Bill Gates’ annual letter this year proves once again that he is determined to bettering the world around us. We face so many global challenges, and he has used his success in the business world to inspire the philanthropist in all of us and help to find innovative solutions for the most pressing issues we face. Yesterday, Mr. Gates released his 2013 annual letter, where he applied business strategies to emphasize the importance of finding global solutions whose effectiveness and impact we can measure—solutions like vaccines.
In a time where governments have limited funding for humanitarian projects and our wallets are tight, every dollar we spend must have a direct impact. Mr. Gates emphasizes that we need to set ambitious goals as a global community and then do what we can, being mindful of resources, to meet those goals.
One of the most inspiring examples in the letter is the head of UNICEF in the 1980s, Jim Grant. Mr. Grant set a goal of immunizing 80 percent of the world’s children. To help reach this monumental goal, he built a system that focused on communities that needed the most support. Thanks to this plan, immunization coverage improved from 17 percent in 1980 to 75 percent in 1990! When we measure our progress, we see both our successes and the ways that we can do even better.
As the founder of the Bill and Melinda Gates Foundation, a Shot@Life partner, Bill Gates knows that vaccines are both easy to measure and effective. Polio eradication remains a top priority for the Gates Foundation reaffirming the importance of eradicating polio from our world and suggesting new ways to use technology to track our childhood immunization progress. Polio is a horrible and crippling disease, but measures of progress, like India’s recent 2-year anniversary from any new cases of the disease, help us see how far we’ve come.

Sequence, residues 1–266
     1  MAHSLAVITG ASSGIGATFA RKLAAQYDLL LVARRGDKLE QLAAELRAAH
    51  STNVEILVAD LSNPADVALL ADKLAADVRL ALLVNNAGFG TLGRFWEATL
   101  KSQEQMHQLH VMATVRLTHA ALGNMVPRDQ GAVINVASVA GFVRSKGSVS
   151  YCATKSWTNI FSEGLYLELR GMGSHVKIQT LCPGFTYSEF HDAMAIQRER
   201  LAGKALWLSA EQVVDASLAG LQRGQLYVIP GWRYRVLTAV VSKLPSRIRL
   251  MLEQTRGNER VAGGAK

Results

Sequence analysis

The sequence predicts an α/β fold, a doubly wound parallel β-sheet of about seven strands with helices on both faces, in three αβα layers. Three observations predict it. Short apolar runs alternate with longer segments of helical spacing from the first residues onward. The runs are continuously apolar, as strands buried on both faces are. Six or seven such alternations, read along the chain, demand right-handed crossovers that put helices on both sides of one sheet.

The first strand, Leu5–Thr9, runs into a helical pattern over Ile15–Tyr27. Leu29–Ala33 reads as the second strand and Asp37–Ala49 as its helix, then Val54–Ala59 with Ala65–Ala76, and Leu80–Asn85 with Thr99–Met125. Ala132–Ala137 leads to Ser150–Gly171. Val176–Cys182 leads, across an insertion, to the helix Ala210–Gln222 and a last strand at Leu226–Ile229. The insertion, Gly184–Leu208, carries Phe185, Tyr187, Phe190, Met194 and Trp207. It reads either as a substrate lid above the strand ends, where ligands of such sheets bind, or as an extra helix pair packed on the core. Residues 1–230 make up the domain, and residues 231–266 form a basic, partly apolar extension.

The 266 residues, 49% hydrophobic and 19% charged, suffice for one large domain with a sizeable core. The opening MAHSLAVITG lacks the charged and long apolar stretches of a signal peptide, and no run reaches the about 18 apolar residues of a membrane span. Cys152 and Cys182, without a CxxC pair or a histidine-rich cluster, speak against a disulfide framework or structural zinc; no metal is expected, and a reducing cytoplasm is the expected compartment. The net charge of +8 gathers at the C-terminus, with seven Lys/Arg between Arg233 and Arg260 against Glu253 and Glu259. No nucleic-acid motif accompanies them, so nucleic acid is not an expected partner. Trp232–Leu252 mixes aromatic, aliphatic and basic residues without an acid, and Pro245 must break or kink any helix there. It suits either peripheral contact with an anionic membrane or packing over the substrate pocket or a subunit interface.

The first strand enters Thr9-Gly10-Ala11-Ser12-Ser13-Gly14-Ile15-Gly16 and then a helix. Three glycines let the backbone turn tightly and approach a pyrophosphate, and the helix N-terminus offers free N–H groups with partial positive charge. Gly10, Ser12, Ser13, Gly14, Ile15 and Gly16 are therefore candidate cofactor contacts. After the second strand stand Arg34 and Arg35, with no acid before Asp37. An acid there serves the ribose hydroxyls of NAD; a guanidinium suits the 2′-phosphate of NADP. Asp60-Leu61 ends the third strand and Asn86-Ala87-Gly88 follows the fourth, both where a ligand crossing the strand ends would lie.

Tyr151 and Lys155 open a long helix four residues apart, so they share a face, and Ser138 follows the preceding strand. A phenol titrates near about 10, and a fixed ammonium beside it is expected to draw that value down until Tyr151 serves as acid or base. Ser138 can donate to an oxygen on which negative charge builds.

A supporter of innovation, Mr. Gates also announced the winner of this year’s Gates Vaccine Innovation Award in his letter. This year’s recipient is Margarida Matsine, a field officer for Village Reach, a nonprofit working to improve health care in Mozambique. She has been instrumental in overhauling the vaccine logistics system by removing numerous obstacles that prevent children from getting immunized.
Bill Gates’ letter reminds us of the importance of choosing strategies and solutions that we can measure and visualize their effect. With that advice, it’s obvious; vaccines are one of the best tools we have for improving the lives of children around the world. We can see their effectiveness in the smiling faces of our children.
P.S. This year, Bill Gates wants to hear from you. What goals do you think we should set to help improve the world for the next generation? What’s your hope for 2030? Learn more at www.myhope2030.org.